For me teaching my kids (I've got 3) is not so much about getting their brains stuffed with algorithms and technical stuff, but it's more about giving them access to a world where they can create art. I personally believe coding is more like painting than it is building a bridge. It's a creative process , where things like inspiration make a world of difference.

So the first thing I'd recommend is getting your daughter used to creative activities like drawing, Legos, building stuff, number games, word games, stuff like that. See how she likes it. Then try more advanced things. I started teaching my daughter math early on, since she was about two. We started with counting, then moved up to counting by 2s then backwards, just to see how her mind worked and how she would respond to creative problem solving.

It turned out she loved it and to this day she loves solving problems like those games where you have to almost identical pictures and you have to spot the differences, etc. She also likes playing match-3 type games on the iPhone and playing word games.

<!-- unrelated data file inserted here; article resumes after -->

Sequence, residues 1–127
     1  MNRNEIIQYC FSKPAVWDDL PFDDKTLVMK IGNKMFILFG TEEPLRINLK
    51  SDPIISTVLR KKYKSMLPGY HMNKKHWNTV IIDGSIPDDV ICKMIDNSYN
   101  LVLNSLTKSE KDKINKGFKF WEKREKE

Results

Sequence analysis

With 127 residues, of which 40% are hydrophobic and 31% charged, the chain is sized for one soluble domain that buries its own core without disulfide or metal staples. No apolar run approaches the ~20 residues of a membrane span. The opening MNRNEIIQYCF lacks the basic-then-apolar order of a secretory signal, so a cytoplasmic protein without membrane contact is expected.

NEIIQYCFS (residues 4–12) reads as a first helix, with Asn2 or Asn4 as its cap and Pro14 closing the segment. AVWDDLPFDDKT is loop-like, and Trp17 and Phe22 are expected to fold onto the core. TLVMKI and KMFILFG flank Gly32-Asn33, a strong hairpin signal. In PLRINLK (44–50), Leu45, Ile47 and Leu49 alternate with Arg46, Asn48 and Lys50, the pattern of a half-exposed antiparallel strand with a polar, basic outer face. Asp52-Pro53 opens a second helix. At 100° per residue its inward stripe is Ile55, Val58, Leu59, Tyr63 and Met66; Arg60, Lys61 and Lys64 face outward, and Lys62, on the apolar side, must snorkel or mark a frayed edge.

So get her started with that. If she sees math as fun, I think that's the first and probably the biggest win.

It might be fun to look at LOGO (maybe UCBLogo[1], free books included) for a first programming language. This has a first-person (turtle) view on a GUI that you move around to make shapes and do math/physics. The idea is that when programming it will be easier for the programmer to associate themselves with the turtle and interaction/exploration in the language will be natural.

The Logo way is pretty different from conventional programming models because it was tailored to be more intuitive than conventional languages like C, JavaScript, or VB. It still offers access to complex, higher order programming concepts like algorithms, AI, automata, etc. Harold Abelson from MIT (SICP) wrote a cool book that covers math/physics in Logo, too.[2]

The creator of the language has an awesome book[3] on how computers can enhance pedagogy and someone wrote a cool blog post on programming for children that mentioned it too[4].

[1] http://www.cs.berkeley.edu/~bh/logo.html

[2] http://www.amazon.com/Turtle-Geometry-Mathematics-Artificial...

[3] http://www.amazon.com/Mindstorms-Children-Computers-Powerful...

[4] http://worrydream.com/LearnableProgramming/

If I can sneak a shameless plug in here, I'm the developer behind Kodable - http://www.kodable.com - an iPad app that introduces kids to programming before they can read.